Te Punga o Te Waka a Maui, is the original Maori name for Rakiura Stewart Island. It translates as "The Anchor Stone of Maui's Canoe" placing New Zealand's third largest island at the heart of Maori mythology surrounding the discovery of Aotearoa.
Using a magical fish hook, Maui, the mythical Polynesian voyager, is said to have hauled New Zealand's North Island, Te Ika a Maui (the fish of Maui) from the ocean depths from his canoe, the South Island, Te Waka a Maui (the canoe of Maui) while it was anchored by Rakiura Stewart Island.
Today, the name Rakiura records the island's Glowing Skies, a reference to the Aurora Australis, or Southern Lights. The European name for New Zealand's most southerly inhabited island where around 400 people live permanently and 30,000 people visit annually remembers William Stewart, the mate on the sealing ship Pegasus, who charted Port Pegasus in the south of the island in 1809.
Three Rats, Feral cats
Given the size of Rakiura Stewart Island, expert advice is that eradicating mammalian predators using toxins is the only feasible methodology amongst current technologies.
However, rather than attack the whole island at once, building a predator proof fence around the main settlement of Half Moon Bay would allow the eradication methodology to be tested and proven on a large area, with minimal risk of re-invasion from beyond the fence, before being scaled up to the rest of the island, if successful.
Once the island wide eradication project was completed, the fence would then become a firebreak to guard the island against any predator re-invasion event that did occur as a result of visitors and freight arriving in Half Moon Bay either by sea or air.
Eradicating predators from Rakiura Stewart Island would provide significant ecological, social and economic benefits.
Ecological benefits include removing predation from endangered wildlife such as southern New Zealand dotterel, endemic bats, Fiordland crested penguins and Stewart Island robin. Vulnerable, gradually declining species including Stewart Island kiwi, yellow-eyed penguin and yellow-crowned parakeets would also recover.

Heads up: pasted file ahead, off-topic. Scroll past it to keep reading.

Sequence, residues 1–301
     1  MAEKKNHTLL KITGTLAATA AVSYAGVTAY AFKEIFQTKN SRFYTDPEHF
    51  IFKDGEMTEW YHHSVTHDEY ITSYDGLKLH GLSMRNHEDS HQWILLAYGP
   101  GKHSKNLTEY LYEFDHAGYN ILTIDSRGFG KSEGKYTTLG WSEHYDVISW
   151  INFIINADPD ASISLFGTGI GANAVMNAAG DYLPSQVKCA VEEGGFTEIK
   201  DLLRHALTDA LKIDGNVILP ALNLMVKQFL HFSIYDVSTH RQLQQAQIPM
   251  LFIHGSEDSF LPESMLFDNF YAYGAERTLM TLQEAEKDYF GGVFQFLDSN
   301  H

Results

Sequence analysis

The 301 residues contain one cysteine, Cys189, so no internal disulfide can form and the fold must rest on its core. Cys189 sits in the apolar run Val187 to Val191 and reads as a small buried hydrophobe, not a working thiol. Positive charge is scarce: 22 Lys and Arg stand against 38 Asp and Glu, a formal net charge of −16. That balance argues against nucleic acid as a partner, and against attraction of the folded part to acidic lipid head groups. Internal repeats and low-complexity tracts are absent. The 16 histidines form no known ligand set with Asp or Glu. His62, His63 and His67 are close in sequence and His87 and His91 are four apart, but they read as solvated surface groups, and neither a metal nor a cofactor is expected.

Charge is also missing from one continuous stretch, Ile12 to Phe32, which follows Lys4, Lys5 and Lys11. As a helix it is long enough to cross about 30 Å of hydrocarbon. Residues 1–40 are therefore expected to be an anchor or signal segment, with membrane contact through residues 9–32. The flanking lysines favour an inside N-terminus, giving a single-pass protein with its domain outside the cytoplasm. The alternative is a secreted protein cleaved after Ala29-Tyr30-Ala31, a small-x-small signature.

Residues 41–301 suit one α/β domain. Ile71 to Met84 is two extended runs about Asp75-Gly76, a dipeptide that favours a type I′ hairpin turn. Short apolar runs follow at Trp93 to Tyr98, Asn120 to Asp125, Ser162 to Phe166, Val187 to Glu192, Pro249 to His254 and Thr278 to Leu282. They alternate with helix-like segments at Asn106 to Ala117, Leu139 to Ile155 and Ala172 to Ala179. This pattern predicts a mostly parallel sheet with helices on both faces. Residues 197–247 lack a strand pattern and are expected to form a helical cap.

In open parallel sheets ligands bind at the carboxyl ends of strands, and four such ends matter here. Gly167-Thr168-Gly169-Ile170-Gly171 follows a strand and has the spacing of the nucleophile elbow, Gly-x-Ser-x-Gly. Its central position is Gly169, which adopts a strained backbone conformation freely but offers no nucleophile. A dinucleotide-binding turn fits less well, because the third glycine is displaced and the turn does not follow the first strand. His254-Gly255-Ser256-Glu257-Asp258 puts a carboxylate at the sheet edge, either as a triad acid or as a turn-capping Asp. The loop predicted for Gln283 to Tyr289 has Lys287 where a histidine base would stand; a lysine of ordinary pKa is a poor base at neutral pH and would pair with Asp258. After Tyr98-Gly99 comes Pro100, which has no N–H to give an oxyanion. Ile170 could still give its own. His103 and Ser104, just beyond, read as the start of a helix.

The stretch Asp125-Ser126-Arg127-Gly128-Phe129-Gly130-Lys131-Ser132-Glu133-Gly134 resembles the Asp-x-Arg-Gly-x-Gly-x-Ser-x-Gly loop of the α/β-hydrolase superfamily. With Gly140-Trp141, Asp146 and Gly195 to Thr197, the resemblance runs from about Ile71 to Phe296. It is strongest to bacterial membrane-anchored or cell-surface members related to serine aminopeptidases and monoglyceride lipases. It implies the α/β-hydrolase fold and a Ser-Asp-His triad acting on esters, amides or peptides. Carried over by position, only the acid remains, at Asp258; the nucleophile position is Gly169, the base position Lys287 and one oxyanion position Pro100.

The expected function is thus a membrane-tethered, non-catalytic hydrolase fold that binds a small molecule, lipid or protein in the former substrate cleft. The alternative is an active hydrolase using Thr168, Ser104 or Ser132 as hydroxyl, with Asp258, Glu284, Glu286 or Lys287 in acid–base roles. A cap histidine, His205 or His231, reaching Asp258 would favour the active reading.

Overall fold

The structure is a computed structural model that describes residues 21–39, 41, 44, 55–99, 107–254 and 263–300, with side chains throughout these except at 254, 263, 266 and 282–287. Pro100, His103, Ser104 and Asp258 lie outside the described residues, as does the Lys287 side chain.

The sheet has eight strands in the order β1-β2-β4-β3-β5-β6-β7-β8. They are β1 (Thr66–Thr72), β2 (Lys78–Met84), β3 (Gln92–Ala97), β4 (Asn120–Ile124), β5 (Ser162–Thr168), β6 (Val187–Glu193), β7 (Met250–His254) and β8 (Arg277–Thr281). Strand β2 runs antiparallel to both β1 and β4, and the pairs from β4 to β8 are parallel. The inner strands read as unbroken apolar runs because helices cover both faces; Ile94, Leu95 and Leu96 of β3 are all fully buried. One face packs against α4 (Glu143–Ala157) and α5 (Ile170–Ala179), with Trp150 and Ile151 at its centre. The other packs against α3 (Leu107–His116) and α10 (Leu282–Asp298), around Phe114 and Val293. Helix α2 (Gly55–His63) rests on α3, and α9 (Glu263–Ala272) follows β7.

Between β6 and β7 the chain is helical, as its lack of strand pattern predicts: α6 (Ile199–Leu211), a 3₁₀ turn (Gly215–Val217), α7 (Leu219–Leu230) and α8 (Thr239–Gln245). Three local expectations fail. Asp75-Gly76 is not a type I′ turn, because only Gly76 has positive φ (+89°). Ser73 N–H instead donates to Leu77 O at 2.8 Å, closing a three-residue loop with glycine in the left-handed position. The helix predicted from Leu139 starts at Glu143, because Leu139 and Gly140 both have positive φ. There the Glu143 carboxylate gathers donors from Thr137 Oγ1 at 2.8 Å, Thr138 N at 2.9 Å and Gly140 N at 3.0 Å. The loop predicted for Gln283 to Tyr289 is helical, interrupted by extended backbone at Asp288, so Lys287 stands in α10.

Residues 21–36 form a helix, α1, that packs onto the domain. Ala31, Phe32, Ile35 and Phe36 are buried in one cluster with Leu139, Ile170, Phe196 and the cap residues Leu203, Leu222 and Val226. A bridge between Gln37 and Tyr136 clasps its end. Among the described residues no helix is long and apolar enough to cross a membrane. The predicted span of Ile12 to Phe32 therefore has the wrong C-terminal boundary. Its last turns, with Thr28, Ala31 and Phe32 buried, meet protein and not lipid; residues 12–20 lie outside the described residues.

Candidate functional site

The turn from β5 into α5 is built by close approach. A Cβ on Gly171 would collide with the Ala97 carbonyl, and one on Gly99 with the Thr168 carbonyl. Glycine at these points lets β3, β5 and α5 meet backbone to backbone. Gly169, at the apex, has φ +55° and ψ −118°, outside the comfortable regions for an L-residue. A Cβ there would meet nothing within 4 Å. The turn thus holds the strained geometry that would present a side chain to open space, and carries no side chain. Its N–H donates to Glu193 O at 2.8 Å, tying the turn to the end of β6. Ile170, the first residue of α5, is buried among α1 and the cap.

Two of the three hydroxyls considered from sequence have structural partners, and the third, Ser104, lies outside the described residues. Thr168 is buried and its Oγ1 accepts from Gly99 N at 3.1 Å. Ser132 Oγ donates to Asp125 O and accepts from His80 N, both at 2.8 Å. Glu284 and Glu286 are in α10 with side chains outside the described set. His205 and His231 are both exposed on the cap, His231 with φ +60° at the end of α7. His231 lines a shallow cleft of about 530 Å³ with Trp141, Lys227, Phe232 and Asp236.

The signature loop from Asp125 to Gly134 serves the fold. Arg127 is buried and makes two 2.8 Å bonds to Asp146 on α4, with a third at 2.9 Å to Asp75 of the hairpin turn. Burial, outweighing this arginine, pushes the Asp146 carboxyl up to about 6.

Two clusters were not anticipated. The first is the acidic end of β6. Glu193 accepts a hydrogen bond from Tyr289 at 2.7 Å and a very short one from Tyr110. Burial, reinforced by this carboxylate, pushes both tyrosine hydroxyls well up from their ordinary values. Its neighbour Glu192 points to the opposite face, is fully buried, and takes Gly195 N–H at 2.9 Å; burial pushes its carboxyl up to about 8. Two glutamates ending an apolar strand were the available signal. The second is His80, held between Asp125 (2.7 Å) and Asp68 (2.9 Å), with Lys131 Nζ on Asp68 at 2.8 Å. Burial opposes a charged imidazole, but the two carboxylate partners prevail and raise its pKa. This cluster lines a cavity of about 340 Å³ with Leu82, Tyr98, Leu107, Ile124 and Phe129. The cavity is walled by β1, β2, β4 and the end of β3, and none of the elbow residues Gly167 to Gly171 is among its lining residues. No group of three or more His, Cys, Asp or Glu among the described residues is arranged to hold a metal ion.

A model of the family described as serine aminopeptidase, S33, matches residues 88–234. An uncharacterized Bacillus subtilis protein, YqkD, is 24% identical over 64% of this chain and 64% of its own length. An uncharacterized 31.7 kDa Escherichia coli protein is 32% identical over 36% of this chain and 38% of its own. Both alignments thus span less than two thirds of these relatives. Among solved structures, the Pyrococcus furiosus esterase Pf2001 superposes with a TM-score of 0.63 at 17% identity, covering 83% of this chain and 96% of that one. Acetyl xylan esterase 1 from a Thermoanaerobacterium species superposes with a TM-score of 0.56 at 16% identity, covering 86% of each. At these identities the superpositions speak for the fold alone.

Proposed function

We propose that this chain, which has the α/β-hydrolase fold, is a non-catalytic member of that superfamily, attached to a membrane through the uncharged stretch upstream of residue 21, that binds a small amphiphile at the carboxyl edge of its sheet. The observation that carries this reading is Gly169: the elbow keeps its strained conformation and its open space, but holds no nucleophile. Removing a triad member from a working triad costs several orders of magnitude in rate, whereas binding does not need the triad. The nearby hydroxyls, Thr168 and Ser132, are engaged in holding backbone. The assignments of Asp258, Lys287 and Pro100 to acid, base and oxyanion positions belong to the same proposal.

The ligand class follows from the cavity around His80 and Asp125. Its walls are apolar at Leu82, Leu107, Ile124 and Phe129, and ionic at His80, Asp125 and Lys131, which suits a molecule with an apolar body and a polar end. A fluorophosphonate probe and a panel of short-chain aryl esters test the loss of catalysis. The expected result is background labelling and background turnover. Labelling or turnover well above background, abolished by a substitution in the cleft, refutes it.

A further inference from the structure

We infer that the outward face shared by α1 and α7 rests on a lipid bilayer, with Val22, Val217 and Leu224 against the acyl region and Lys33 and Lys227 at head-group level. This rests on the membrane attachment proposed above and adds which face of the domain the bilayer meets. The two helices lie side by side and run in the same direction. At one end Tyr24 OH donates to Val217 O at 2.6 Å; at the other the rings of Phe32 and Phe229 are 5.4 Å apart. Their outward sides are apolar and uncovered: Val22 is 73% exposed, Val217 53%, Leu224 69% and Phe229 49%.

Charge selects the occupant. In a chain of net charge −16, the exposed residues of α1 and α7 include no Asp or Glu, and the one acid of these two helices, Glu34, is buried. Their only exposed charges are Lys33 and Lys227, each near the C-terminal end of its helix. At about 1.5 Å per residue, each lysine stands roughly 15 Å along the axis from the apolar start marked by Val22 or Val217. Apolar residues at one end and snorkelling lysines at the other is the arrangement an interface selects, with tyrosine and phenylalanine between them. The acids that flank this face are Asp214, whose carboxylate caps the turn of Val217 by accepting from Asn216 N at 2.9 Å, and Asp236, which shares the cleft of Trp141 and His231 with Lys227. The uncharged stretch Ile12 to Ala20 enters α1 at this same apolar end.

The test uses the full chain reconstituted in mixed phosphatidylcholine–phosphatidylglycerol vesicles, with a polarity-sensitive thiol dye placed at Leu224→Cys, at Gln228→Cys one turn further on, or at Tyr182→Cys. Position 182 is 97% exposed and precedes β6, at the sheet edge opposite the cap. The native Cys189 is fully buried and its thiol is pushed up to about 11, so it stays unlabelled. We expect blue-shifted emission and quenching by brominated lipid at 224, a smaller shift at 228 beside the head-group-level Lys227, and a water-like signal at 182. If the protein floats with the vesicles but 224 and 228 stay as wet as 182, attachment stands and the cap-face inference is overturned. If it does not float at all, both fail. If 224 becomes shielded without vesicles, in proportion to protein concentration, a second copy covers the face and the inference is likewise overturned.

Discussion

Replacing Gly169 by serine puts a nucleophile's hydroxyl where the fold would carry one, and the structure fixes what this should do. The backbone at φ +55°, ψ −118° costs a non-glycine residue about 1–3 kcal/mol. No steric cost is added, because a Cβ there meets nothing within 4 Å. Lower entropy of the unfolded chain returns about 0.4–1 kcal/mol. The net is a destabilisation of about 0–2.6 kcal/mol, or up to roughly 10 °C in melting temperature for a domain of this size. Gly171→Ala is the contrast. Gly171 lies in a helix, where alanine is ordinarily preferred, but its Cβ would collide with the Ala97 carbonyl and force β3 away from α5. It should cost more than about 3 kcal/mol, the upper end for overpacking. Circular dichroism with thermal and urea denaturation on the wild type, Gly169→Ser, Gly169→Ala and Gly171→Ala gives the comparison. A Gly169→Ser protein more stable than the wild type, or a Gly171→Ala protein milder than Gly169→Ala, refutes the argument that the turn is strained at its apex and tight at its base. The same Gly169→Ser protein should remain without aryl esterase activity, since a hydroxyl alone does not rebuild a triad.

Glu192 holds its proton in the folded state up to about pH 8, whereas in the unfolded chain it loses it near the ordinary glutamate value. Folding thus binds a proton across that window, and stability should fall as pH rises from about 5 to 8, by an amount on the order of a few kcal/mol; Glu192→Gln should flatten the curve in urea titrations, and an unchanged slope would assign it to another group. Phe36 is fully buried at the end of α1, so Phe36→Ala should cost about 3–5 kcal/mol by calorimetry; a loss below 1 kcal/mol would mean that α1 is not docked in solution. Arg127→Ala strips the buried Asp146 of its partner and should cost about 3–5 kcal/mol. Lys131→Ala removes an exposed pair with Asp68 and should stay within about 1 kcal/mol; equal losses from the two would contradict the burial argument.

Social and economic benefits would come from jobs directly created by the project and from increased tourism demand that would likely result from more visitors to Rakiura Stewart Island.
The jewel in the crown will be returning kakapo to the island.
A Predator Guild
Predator Free Rakiura is an extremely ambitious concept. Rakiura is a very large island and the target predators are a very large group of species.
Attempting the eradication of six different predators on a very large island is probably unique. This diversity of animals overlaid onto the diversity of the island's habitats makes for a bewildering array of ecological relationships that need to be considered.
Community ecologists use the concept of a guild to describe a group of species that need not be closely related but which all exploit similar resources. All the target species prey on native fauna so together they form a predation guild.
However, they also have interspecific relationships that make things more complex. Feral cats prey on rats and black and brown rats prey on kiore. There will also be competitive pressures between these species, particularly when resources are scarce.
Because of their relationships, dismantling this predator guild will be difficult and may generate perverse outcomes. Removing rats may cause cats to prey switch, putting more pressure on native wildlife. Removing cats may cause rat numbers to increase even further.
In any case it will be costly. In every case the benefits will be huge.
Ulva - An Island's Island
Within the sheltered waters of Paterson Inlet, Ulva Island shows what Rakiura Stewart Island could become if mammalian predators were eradicated.
This forested 266 hectare island has been a reserve for nature since 1899, making it one of the first such reserves in New Zealand. It has never been logged or had browsing animals so it is as close to pristine southern forest as can be found.
Rodents have been eradicated from the island but being, in places, less than one kilometre offshore from the main island means rats do periodically arrive. These are controlled by a network of permanently installed trapping stations.
Resident birds such as Stewart Island weka, South Island kaka and both red-crowned and yellow-crowned parakeets now share the forest with translocated South Island saddleback, Stewart Island robin, rifleman and yellowhead. There are also 30-40 Stewart Island brown kiwi (Tokoeka) present. See a slideshow of these birds here.
Today Ulva Island is a predator free open sanctuary that is a short water taxi, or regular ferry ride from Golden Bay near Oban. With 4.5 kilometres of high standard walking paths it is both a trip back in time to how Rakiura Stewart Island once was and a trip forward in time to what it may again become if predators can be eradicated.